John Willey, vice-president of development and university relations at Ohio Northern University, is frank about the special treatment given to large donors. “When people achieve a certain wealth and standing in life, they expect to be treated more personally,” he says. “If you're going to ask someone for US dollars 100,000 (RM380,000) as opposed to US dollars 100 (RM380), you'd better go and see them.” 

Then, says Willey, you must try and convince big donors to remove the strings from their gifts.  

“People who achieve genuine wealth have a great sense of themselves,” he explains. “Frequently they will say, ‘I want to do this’, and it doesn't match up with what the institution needs. So the discussion we have with them is fairly complicated. If you can't work through the issues, you might walk away and leave US dollars 100 million (RM380 mil) on the table.” 

If an institution wants to pull in the big money, though, it has to learn the hardest lesson of all: cash doesn't come without access. People who give to universities will want to rub shoulders with the people at the top - perhaps even try to exert some influence over policy.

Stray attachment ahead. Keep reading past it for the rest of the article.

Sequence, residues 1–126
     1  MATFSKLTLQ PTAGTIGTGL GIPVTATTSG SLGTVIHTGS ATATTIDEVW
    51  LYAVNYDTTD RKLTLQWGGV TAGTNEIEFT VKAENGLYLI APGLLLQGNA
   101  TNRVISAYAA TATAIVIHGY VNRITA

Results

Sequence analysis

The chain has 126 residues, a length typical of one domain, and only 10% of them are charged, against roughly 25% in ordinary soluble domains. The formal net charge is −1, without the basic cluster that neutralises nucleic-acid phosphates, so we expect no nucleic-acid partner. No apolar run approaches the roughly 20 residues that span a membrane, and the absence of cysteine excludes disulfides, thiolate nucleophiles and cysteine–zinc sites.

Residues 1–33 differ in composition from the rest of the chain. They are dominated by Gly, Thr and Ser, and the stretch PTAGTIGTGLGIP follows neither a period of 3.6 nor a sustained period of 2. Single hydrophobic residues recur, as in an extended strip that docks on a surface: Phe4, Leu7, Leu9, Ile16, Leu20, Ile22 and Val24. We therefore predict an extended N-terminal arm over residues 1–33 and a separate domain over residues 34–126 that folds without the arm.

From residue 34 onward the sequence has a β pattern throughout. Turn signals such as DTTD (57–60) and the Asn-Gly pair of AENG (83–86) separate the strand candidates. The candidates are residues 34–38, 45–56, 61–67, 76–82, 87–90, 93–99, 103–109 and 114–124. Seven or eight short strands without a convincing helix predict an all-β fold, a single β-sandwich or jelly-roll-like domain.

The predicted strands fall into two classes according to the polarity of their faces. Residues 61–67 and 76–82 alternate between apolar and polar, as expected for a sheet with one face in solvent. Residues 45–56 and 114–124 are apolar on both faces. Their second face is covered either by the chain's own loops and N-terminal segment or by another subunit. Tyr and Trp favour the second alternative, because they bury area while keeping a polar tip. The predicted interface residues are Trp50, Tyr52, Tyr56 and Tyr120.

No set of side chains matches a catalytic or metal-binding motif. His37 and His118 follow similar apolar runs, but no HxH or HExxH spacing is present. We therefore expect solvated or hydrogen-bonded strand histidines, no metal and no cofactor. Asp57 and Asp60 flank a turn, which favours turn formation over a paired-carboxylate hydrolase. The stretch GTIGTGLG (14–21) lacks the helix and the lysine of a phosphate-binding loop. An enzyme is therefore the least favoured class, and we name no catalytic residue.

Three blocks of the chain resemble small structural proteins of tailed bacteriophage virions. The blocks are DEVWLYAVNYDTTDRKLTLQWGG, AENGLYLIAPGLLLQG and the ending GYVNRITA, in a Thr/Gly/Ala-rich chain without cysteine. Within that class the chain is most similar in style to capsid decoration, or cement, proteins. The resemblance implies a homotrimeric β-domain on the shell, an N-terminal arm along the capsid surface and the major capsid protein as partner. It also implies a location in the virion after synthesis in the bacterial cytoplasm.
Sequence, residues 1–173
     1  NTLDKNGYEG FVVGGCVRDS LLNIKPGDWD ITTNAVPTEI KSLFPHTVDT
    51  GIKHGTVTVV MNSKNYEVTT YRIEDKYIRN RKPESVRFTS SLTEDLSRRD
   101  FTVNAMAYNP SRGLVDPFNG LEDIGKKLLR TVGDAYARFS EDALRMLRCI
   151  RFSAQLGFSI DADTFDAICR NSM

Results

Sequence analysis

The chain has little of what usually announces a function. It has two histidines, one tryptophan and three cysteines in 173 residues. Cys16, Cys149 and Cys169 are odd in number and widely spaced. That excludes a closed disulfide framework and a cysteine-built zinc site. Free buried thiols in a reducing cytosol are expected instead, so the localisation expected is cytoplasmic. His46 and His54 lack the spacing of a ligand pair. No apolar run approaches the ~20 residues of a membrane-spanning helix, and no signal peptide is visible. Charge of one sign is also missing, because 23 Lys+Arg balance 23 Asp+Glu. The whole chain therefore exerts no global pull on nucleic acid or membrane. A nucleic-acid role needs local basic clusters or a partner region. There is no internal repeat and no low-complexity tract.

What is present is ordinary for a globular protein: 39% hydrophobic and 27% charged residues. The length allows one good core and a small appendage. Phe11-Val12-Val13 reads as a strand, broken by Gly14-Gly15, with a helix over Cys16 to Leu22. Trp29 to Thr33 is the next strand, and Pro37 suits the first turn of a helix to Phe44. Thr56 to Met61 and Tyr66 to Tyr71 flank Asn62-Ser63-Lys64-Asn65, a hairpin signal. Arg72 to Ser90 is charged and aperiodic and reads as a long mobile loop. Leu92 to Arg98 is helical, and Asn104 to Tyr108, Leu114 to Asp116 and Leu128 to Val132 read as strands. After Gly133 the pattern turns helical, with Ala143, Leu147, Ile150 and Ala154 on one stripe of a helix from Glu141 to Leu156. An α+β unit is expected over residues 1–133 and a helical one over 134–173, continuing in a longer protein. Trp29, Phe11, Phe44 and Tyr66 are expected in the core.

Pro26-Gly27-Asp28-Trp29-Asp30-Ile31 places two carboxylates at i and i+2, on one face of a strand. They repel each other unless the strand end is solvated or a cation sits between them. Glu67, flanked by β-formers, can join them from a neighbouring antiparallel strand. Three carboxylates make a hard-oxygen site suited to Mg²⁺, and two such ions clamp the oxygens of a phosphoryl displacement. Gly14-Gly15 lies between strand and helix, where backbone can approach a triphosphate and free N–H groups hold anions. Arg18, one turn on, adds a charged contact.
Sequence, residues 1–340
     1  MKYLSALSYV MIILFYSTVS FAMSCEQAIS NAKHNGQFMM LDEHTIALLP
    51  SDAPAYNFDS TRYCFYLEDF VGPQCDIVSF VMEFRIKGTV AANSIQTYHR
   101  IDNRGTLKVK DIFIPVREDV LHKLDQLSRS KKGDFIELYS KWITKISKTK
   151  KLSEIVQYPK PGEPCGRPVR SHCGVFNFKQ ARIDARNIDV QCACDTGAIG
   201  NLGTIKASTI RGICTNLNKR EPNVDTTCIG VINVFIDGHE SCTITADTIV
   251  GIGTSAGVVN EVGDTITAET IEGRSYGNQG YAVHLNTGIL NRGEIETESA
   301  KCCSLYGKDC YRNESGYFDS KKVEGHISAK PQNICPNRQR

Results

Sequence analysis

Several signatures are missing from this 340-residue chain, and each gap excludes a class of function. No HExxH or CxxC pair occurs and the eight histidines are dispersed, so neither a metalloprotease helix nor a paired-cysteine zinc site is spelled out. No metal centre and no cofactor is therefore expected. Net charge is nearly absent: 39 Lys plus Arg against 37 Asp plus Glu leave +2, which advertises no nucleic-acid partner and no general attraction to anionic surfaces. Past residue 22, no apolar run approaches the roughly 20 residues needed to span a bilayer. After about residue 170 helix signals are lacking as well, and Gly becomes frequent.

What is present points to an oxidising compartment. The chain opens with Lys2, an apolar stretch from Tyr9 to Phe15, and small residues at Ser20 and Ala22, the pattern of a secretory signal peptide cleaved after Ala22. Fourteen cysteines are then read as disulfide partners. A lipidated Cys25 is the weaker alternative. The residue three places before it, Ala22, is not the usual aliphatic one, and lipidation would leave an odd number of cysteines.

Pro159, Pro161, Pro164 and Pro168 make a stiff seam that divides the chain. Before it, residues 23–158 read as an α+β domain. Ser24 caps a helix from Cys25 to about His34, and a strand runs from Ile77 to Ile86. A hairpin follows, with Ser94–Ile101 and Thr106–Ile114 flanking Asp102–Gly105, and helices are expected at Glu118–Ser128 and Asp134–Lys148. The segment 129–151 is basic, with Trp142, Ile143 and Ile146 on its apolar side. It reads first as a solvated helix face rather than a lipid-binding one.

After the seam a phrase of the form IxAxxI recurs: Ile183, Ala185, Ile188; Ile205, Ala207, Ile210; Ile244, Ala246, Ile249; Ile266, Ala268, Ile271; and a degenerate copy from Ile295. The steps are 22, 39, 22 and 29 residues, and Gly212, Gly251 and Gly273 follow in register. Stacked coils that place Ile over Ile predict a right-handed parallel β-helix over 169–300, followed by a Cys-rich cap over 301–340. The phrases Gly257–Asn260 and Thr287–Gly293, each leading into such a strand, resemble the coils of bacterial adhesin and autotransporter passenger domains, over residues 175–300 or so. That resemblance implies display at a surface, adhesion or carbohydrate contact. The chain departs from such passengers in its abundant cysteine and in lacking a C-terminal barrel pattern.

Universities that are serious about fundraising are likely to make their senior staff available to potential donors. “Vice- chancellors (principals) and deans have got to play a major role, and be in on the close,” says John Saunders. “In America, these people's job is fundraising, and it's the vice-dean who runs the school. It changes the balance of the institution.” 

Not surprisingly, many people regard fundraising with distaste. Some gifts - particularly gifts to big-name institutions - are plainly attempts to buy a cleaner public image; one development officer refers to this process as “ethical laundering”. Every year sees at least one “cash for places” scandal, with universities or colleges accused of giving preferential treatment to donors' children.  

Joanna Motion, European director of the Council for the Advancement of Support for Education, a fundraisers' professional body, reckons that such scandals “flush out a level of discomfort with university fundraising”. 

University fundraisers in the UK, however, are most anxious about the forthcoming changes to UK higher education funding. Some (including Motion) fear that a graduate tax might have a chilling effect on fundraising, because it will draw money from the very people most likely to give to the universities. 

But fundraisers remain as cheerful and optimistic as ever. To them, no problem is insurmountable - not even a sea change in university funding. And they would like you to know that, however much money they raise this year, they'll do better next year.– Guardian Newspapers Limited.